Got Iodine, Mom-to-Be?
The nation's major medical group is raising awareness about iodine deficiency in pregnant and nursing moms
You may have scrutinized the label of your prenatal vitamin to make sure it contains enough folic acid, calcium, and vitamin D. But what about iodine? It’s estimated that only 20 percent of prenatal supplement brands contain the mineral—and this could be part of the reason why more pregnant and nursing moms in the US are iodine deficient, according to a Journal of the American Medical Association opinion paper that calls for iodine to be included in all prenatal vitamins.
The concern is being raised by researchers who say iodine levels among US women have steadily decreased over the past decade. Using statistics gathered by the US Centers for Disease Control and Prevention, researchers found that between 2001 and 2006, the average level of iodine among pregnant women was 150 micrograms, the lowest threshold for normal levels. Between 2007 and 2008, the median level among pregnant women was 129 micrograms per liter.
Why are iodine levels so important? The mineral is required for the production of thyroid hormone, and adequate thyroid hormone levels are critical for normal brain development in babies (low thyroid levels in moms can lead to problems that include fatigue, hair loss, and more). National and international health organizations currently recommend that pregnant women take at least 150 µg of potassium iodide daily.
How can you make sure you’re getting enough? A good first step is to pay more attention to your diet. Iodine is most commonly found in dairy products, breads, seafood and sea vegetables (including kelp), write researchers. Iodized sea salt, eggs, onions, radishes, and watercress are some other food sources.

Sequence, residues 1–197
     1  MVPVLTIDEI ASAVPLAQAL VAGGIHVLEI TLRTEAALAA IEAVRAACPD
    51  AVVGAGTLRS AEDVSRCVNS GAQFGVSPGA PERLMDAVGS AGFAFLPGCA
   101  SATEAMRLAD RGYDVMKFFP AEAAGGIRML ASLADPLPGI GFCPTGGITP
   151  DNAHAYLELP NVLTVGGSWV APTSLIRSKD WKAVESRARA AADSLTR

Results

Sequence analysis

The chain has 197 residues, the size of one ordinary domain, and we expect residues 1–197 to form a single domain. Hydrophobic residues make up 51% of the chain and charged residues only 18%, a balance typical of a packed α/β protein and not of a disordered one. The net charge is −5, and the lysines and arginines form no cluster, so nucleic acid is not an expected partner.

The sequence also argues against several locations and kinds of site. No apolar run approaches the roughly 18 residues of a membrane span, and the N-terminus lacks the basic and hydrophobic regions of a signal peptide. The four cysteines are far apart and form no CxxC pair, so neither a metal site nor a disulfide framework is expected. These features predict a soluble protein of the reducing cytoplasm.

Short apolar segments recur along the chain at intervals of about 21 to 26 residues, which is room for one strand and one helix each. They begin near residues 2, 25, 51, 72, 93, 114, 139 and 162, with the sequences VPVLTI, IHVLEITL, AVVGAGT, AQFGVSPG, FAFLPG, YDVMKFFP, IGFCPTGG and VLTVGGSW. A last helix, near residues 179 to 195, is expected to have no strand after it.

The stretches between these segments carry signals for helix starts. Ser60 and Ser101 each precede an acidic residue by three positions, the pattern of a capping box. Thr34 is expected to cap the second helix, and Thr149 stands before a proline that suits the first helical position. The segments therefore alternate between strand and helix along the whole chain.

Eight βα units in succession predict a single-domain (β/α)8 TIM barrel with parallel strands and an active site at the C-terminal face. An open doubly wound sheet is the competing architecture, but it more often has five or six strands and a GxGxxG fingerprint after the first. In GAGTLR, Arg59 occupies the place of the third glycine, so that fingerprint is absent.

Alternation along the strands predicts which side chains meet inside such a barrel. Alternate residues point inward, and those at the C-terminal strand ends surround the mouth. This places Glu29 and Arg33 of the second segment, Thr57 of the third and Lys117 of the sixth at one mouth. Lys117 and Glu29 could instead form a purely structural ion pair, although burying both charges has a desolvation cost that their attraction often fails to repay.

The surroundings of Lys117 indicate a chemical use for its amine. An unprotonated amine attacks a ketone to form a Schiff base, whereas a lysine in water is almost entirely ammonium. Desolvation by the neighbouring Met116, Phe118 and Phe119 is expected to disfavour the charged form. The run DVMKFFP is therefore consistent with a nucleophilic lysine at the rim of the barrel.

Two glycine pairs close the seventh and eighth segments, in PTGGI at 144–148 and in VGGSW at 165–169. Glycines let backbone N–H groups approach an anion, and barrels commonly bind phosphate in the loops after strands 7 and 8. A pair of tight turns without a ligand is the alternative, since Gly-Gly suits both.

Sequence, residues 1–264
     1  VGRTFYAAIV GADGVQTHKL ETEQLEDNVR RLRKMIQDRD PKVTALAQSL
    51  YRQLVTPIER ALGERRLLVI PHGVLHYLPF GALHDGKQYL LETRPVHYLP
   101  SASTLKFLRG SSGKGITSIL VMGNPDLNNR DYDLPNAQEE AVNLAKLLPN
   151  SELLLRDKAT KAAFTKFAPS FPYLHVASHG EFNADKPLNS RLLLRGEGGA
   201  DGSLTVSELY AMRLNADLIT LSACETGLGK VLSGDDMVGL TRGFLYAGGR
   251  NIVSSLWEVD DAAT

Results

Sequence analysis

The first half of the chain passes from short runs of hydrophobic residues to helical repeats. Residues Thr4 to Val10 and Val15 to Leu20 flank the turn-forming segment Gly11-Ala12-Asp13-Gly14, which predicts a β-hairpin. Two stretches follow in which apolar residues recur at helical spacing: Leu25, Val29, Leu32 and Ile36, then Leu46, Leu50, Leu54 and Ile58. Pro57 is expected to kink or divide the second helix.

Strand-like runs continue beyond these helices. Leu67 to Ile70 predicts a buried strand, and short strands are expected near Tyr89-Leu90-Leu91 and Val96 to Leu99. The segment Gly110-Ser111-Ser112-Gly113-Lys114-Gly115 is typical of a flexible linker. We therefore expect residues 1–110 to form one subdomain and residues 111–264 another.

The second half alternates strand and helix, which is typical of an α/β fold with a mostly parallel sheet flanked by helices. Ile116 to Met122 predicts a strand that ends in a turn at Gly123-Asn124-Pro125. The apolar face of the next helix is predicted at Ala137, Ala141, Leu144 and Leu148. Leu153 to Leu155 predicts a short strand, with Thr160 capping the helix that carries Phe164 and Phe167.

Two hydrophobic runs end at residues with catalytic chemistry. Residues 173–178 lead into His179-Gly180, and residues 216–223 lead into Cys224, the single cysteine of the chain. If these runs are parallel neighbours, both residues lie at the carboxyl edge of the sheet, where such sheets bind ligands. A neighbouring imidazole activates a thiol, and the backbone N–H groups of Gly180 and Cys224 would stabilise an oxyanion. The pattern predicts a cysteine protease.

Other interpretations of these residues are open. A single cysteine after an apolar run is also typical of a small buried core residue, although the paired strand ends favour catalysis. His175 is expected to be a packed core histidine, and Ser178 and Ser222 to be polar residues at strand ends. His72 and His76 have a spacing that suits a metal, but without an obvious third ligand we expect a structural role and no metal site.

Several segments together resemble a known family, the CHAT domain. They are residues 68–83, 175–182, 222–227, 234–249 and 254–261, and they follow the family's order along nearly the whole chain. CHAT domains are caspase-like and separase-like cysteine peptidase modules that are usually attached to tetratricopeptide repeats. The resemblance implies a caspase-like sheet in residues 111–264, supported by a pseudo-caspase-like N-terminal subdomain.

And then double check that your prenatal vitamin contains potassium iodide, which researchers consider the most stable source of iodine. It’s also a good idea to run your need for iodine supplementation needs by your doctor, who can make specific recommendations and provide thyroid testing, if necessary.
“It’s time for all healthcare professionals to make sure that every pregnant and breast-feeding woman gets supplemental iodine during pregnancy and while they are breast-feeding,” recommends Dr. Alex Stagnaro-Green, professor of obstetrics and gynecology at the George Washington University School of Medicine and Health Sciences and lead author of the paper.
Stagnaro-Green says the solution to declining iodine levels is quite simple, “every prenatal vitamin in the US should have iodine supplementation.”
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